The United States will announce a target for reducing its greenhouse gas emissions before the UN climate conference in Copenhagen, removing a major obstacle to a deal, officials have said.
"Countries will need to put on the table what they are willing to do on emissions," a senior administration official told journalists. "We expect that a decision will be made in the coming days."
The official refused to be drawn on specific numbers but indicated the US target would not differ much from levels mentioned in legislation before Congress.
A US House of Representatives bill, passed in June, calls for cutting greenhouse gas emissions by 17 percent from 2005 levels by 2020 and by 83 percent by 2050.
A slightly more ambitious bill before the Senate, but not due to be debated again until early next year, talks of a 20-percent reduction from 2005 levels by 2020.
The senior administration official said Obama could make a last-minute decision to attend the conference if "negotiations have proceeded sufficiently that going to Copenhagen would give a final impetus, a push, to the process."
As the leader of one of the world's two biggest polluters, Obama is under considerable pressure to attend the conference and show flexibility on new emission targets.
Sixty-five leaders, including from Germany, France and Brazil, have already committed to participating at the December 7-18 meeting to find a global treaty to replace the Kyoto Protocol.
United Nations climate chief Yvo de Boer told journalists in Brussels that a US emissions target was a crucial factor in the negotiations.
"The key issue here at the moment is the United States. My sense is Obama will be in a position to come to Copenhagen with a target and a financial contribution."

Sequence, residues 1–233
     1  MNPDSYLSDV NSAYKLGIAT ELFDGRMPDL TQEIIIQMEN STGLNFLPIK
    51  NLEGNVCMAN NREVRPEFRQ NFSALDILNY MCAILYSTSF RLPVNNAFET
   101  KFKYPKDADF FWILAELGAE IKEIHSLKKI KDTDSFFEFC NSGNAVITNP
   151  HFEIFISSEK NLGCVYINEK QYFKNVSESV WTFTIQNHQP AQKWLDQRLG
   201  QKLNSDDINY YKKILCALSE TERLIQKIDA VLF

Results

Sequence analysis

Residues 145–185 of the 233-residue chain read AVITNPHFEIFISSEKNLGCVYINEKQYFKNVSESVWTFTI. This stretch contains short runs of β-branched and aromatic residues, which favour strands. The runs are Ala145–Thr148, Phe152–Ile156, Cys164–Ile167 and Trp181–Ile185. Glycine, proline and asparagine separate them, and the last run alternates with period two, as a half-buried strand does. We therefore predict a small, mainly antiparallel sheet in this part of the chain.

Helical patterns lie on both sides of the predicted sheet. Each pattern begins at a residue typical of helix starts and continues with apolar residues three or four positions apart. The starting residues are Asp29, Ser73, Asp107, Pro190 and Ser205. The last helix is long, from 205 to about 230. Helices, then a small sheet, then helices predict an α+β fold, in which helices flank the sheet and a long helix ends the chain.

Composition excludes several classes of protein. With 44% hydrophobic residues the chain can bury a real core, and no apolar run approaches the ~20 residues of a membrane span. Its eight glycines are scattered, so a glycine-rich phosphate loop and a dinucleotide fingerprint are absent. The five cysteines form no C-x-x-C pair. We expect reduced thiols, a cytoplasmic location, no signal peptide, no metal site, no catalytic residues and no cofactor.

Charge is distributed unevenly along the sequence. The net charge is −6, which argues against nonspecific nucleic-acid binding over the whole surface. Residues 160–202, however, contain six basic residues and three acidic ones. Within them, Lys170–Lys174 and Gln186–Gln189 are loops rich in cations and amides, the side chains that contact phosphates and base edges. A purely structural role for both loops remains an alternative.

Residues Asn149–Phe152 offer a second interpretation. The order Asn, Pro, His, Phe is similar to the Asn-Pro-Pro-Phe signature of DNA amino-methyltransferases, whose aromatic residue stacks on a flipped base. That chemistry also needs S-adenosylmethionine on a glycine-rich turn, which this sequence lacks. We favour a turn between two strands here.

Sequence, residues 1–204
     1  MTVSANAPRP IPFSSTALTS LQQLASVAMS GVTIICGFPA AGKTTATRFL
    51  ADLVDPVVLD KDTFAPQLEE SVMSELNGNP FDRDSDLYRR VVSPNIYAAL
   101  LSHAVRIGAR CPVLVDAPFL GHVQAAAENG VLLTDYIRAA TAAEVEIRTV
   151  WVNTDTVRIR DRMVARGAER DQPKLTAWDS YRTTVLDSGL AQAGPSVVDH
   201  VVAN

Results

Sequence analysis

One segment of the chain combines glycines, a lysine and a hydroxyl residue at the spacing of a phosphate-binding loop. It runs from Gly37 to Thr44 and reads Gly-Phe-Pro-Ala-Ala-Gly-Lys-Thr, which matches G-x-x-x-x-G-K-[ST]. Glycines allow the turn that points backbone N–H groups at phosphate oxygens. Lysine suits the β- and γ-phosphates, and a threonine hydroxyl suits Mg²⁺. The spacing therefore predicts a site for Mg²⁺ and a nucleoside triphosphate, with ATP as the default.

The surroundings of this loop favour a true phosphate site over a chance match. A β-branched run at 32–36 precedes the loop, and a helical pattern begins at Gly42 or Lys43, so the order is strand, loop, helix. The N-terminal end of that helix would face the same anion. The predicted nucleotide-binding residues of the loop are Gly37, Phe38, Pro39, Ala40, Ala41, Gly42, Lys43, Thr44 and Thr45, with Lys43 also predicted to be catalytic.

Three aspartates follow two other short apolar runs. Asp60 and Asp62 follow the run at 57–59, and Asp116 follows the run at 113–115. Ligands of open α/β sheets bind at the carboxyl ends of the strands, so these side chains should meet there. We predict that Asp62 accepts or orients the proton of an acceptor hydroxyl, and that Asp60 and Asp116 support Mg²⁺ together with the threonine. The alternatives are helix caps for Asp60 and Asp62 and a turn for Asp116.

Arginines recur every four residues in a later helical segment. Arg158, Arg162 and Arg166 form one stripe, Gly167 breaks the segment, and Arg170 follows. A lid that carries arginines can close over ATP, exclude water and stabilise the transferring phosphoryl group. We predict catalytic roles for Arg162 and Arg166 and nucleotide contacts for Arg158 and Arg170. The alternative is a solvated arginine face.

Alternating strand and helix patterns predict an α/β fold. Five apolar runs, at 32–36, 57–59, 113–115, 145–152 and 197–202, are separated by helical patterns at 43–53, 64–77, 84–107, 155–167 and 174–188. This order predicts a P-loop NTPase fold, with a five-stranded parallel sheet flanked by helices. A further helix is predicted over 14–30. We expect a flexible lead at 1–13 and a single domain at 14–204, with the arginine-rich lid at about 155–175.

The two-year UN haggle leading up to the Copenhagen conference has been hamstrung by what the world's No. 2 polluter and wealthiest country will propose.
In Europe, green groups said the big question was how far the United States planned to trim its carbon output and over what timeframe, and whether this met scientific criteria for tackling global warming.
"Getting clarity from the US on what their commitment is going to be is going to be crucially important," Kim Carstensen of the World Wide Fund for Nature (WWF) told AFP.
Compared to the 1990 benchmark used by almost every other country, the expected US target only amounts to something like a four-percent reduction.
The EU has vowed to reduce its emissions by 20 percent from 1990 levels before 2020, raising the target to 30 percent in the event of an international agreement on the issue. Japan has offered 25 percent, but attached conditions.
Greenpeace urged Obama to commit to levels above and beyond what was envisaged by the US Senate bill, demanding at least a 25-percent reduction target.
"We believe that there is still room for the US to upgrade their target. We need to see more from them," Joris den Blanken, Greenpeace's EU climate and energy policy director, told AFP.
Indian Prime Minister Manmohan Singh, visiting Washington, said his emerging economy was ready to do more on climate change if developed nations made financial commitments.
"We will do more if there is global support in terms of financial resources and technology transfer."
India, China and other developing nations have been pressing for Western nations to offer technology and other support to help them reduce the intensity of emissions blamed for global warming.
But the emerging economies have resisted legally binding requirements, saying that wealthy nations, not them, bear the historic responsibility for carbon emissions.
De Boer has ruled out the possibility that a comprehensive treaty can be reached in Copenhagen and anticipates a list of "rich country targets" and more clarity on goals from the likes of India and China.
The United States was the world's biggest carbon emitter until it was overtaken by China in 2006, according to the Global Carbon Project, a consortium of leading climate scientists.
In order to limit warming to two degrees Celsius (3.6 degrees Fahrenheit), a threshold widely adopted as safe, scientists say emissions by industrialized nations must fall by 25-40 percent by 2020 over 1990 levels.